bet on me even before I bet on myself,
but that was because I had worked incredibly hard
to gain their trust and gain the credibility with them.
And so it’s very, very different,
and you actually need both for different reasons.
- I’m just curious if you see a difference, right.
Because I’m a data wonk,
but I’m much more interested in the real world.
But the data says that men are, women have more mentors
and men are better at strategically finding sponsors.
Do you see that to be true?
- Absolutely, absolutely.
Because I think like we just tend to be perfectionists
in almost everything that we do.
And so we are like, ah, I need to develop all these things
before I can ask for a promotion.
I need to do all of these gaps before I can go
to the next level.
Whereas I think that’s not the way world works.
And so I do think that there is a gender bias
that they put on ourselves there.
[Kelly] So the data’s true.
[Yamini] The data seems to be true, absolutely.
We had a bit of a, you know, we’re doing a bit,
we have been doing a lot of work around language,
and one of the bits of this work that I think a lot about
is self identities or how do we wanna be identified?
And one of our tips in our playbook around language
is listen to how somebody identifies and then match that.
And I was, I trust you,
and I was able to ask and I like to ask direct questions,
so I would love to share this.
Do you consider yourself a BIPOC female leader?
Do you think of yourself that way?
- No, I did not.
When I started, you know, my career and certainly
when I was in Haas, I was like another student, you know,
going to business school, trying to figure out, you know,
things in the world.
And so no, I have never considered myself
as a BIPOC leader or female leader,
And that’s not what I brought in.
And also the choices that I made in my career,
being an engineer in tech,
like not a lot of like women around,
and being in sales in tech, not a lot of women around.
So as in mostly early career stages,
I was probably the only woman around and I did a lot
to kind of, you know, let people not put a,
shine a light on that.
I think that was the most important thing.
I was like, okay, I have to hang with this group
and I have to really be part of, you know,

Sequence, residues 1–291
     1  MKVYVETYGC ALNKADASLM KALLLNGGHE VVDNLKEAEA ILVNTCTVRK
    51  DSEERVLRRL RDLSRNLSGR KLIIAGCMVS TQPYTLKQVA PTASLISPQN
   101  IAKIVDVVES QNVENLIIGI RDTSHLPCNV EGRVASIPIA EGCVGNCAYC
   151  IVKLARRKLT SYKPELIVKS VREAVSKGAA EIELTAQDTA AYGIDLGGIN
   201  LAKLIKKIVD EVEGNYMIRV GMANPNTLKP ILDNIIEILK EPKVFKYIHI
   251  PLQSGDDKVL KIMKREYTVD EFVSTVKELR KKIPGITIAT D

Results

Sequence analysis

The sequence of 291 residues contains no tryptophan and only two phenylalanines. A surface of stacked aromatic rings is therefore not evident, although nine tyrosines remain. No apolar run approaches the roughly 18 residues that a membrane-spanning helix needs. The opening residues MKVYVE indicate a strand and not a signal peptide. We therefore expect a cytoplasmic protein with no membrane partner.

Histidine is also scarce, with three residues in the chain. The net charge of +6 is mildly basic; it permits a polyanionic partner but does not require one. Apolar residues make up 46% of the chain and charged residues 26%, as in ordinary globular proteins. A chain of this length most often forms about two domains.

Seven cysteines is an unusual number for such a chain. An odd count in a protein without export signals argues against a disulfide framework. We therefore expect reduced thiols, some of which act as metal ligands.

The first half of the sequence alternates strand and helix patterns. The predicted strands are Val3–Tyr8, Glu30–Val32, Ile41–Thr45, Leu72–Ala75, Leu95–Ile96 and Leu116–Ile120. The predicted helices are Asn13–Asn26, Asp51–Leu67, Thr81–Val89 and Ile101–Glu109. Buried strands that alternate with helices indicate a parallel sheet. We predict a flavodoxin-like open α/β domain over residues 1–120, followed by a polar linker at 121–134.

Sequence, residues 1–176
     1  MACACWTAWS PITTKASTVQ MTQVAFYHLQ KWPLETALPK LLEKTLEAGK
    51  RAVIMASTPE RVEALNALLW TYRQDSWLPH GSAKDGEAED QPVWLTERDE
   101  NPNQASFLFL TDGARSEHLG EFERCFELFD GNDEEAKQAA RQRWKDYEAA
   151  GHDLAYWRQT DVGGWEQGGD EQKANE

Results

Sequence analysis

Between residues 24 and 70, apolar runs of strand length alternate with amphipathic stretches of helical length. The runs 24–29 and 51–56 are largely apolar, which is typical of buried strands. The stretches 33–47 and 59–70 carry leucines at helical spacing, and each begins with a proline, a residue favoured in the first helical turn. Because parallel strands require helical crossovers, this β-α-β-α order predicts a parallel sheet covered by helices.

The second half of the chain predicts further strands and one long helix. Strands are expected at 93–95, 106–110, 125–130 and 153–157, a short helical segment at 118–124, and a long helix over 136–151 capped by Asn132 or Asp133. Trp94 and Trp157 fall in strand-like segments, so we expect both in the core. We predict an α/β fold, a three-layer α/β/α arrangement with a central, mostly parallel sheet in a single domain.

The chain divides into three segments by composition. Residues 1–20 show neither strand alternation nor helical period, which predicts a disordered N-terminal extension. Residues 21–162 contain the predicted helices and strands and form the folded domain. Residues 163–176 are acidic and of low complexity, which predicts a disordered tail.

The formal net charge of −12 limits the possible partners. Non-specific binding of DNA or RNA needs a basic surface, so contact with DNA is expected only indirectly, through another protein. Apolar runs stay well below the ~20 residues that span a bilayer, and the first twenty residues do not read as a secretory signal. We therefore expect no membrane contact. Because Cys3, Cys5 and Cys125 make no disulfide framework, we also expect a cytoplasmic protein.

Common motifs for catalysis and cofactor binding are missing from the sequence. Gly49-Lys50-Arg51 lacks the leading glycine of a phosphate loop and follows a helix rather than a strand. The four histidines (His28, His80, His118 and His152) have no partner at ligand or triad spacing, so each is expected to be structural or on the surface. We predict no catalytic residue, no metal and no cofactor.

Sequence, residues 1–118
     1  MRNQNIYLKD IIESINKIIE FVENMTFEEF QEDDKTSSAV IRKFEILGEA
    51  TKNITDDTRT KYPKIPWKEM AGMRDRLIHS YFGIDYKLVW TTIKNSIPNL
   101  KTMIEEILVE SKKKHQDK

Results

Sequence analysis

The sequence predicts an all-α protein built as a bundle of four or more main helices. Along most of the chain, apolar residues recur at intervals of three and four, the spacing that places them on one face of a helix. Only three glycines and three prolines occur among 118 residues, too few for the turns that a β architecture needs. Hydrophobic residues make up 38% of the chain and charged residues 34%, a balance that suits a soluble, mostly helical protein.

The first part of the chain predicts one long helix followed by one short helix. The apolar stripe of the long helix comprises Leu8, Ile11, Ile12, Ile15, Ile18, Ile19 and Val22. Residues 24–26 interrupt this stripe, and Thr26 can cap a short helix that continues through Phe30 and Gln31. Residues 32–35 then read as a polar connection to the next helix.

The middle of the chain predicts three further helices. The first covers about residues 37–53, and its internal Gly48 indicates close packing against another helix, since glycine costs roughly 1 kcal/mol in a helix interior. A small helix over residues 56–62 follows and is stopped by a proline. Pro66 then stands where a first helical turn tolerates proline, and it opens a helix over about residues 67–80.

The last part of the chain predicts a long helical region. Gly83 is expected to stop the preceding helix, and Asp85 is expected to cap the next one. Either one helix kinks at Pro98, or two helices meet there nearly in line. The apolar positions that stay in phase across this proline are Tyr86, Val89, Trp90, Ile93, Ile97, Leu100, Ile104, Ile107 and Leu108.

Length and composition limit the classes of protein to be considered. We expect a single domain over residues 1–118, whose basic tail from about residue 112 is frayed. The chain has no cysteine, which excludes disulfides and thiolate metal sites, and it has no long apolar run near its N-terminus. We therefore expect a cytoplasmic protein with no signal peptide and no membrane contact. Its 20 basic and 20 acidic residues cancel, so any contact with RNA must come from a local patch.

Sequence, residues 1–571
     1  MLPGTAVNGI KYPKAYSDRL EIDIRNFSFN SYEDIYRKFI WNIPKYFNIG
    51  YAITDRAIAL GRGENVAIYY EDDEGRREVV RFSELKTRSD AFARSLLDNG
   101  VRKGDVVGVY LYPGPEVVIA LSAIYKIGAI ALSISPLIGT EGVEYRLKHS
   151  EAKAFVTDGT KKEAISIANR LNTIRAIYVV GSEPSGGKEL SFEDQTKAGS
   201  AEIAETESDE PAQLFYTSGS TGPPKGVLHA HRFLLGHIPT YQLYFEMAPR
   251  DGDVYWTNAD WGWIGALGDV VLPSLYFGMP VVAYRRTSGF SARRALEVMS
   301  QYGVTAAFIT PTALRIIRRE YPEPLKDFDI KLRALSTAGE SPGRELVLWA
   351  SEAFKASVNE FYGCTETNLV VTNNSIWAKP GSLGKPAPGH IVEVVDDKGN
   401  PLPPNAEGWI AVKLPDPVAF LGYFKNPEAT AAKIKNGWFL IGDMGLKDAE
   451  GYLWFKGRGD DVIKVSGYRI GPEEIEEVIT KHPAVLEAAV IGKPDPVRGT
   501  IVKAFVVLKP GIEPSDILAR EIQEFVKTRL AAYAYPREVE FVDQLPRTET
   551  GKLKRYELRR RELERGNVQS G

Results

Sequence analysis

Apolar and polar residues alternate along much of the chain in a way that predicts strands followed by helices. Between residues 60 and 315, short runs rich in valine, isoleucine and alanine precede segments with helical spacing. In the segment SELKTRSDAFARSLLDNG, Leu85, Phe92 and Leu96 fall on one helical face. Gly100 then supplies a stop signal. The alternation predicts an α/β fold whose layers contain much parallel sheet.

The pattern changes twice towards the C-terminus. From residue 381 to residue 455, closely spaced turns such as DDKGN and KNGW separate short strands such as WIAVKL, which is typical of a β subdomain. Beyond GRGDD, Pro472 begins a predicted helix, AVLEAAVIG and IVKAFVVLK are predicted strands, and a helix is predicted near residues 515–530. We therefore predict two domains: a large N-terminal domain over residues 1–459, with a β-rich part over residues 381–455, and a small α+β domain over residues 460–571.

we talked about belonging.
I wanted to just belong in that group.
And so I spent a lot of time not thinking about the fact
that I was an Asian woman, Indian woman, or woman,
you know, in the room that I was in.
But what I have found is that as I have grown my career,
I want the next generation of women
as well as BIPOC leaders to feel like
they can belong without having the need to change.
And so I’ve found that as I’ve progressed in my career,
and certainly where I am right now,
that me sharing my identity as yes, an Indian woman,
a person of color, a woman, it helps the next generation.
So now I’m embracing it a lot more.
But I certainly started at a point
where I didn’t feel comfortable doing that.
- I’m so glad to hear that that is happening in the world,
that you now feel comfortable,
but that you’re also intentionally embracing it
to free generations, you know,
younger generations to embrace it.
- Yes, and I I’ll say like, you know, tech,
and I know you’re all from different industries.
Tech is not, you know, wasn’t the most friendly,
but there are industries that are even farther behind
in terms of diversity,
and it shouldn’t be this hard for diverse leaders
to be in the C-suite.
And in order for us to have just not incremental change,
but really needle moving change,
we have to be talk talking about the challenges that we face
or being the one person in the room
that looks very different,
for being the person in the room that does not belong.
for really, even in those situations,
being authentic to yourself and what you bring.
And that’s part of the journey.
- I’m so glad you’re there, here,
but also there in that position for other people.
I’m gonna open up to questions,
but I’ll ask one before that.
What do you just feel most proud of in your life,
just in general as a leader.
- You know, so I’ll tell you what I’m most proud of.
I’m most proud of like being present with my family
while having just an incredibly,
just wonderful career that I’ve been, you know,
just so great grateful to have.
And a lot of times, you know,
you’d look at like role models,
and I certainly grew up in the industry
looking at role models of like,
you either have one or you have the other.
And I consider, you know, it a blessing to have the kind
of close relationship I have with my two sons.
They’re like 13 and 15.
They’re the love of my life.
I spend a ton of time with them.
But it’s not quantity of the time that I spend with them.
It’s the quality and the presence.
You know, if I spend 15 minutes with them at the end
of the day and they feel like they’ve connected with me,
that’s a blessing.
And doing that while having a challenging
and enriching career, that is what I mostly am grateful for.
- And I also like your real,
you don’t have to be at every soccer practice,
you don’t have to be at–
[Yamini] Yes, you know that.
Yeah, yeah, I’ll never forget driving my daughter,
carpool’s the best time, if you are parents
or gonna become parents, when you have kids in the car,
you hear everything.
And I remember my daughter saying to her friend,
I’m so glad my mom wasn’t that mom,
and I’m like, oh no, what’s gonna come next.
She was kind of quiet, and I’m like, What mom?
She goes, not the mom that was, you know,
didn’t need to be there at every dance, every chaperone,
I just wanted some space from you.
And I’m like, oh, thank God.
Thank God that worked out well.
But I like the realistic advice versus the,
you have to be in every exactly practice.
We have people in the audience I have to pay attention to.
I’m sorry, because I could just talk to her forever.
Who has questions, and there are, there’s at least one mic.
Right, there’s a mic right there in the middle.
So who would like to, and if you just,
before you ask a question, tell us your name,
and you know, who you are.
There’s a mic right back there if you can walk to the mic.
- HI I’m Simran.
I’m a full-time MBA student and it’s great to hear from you,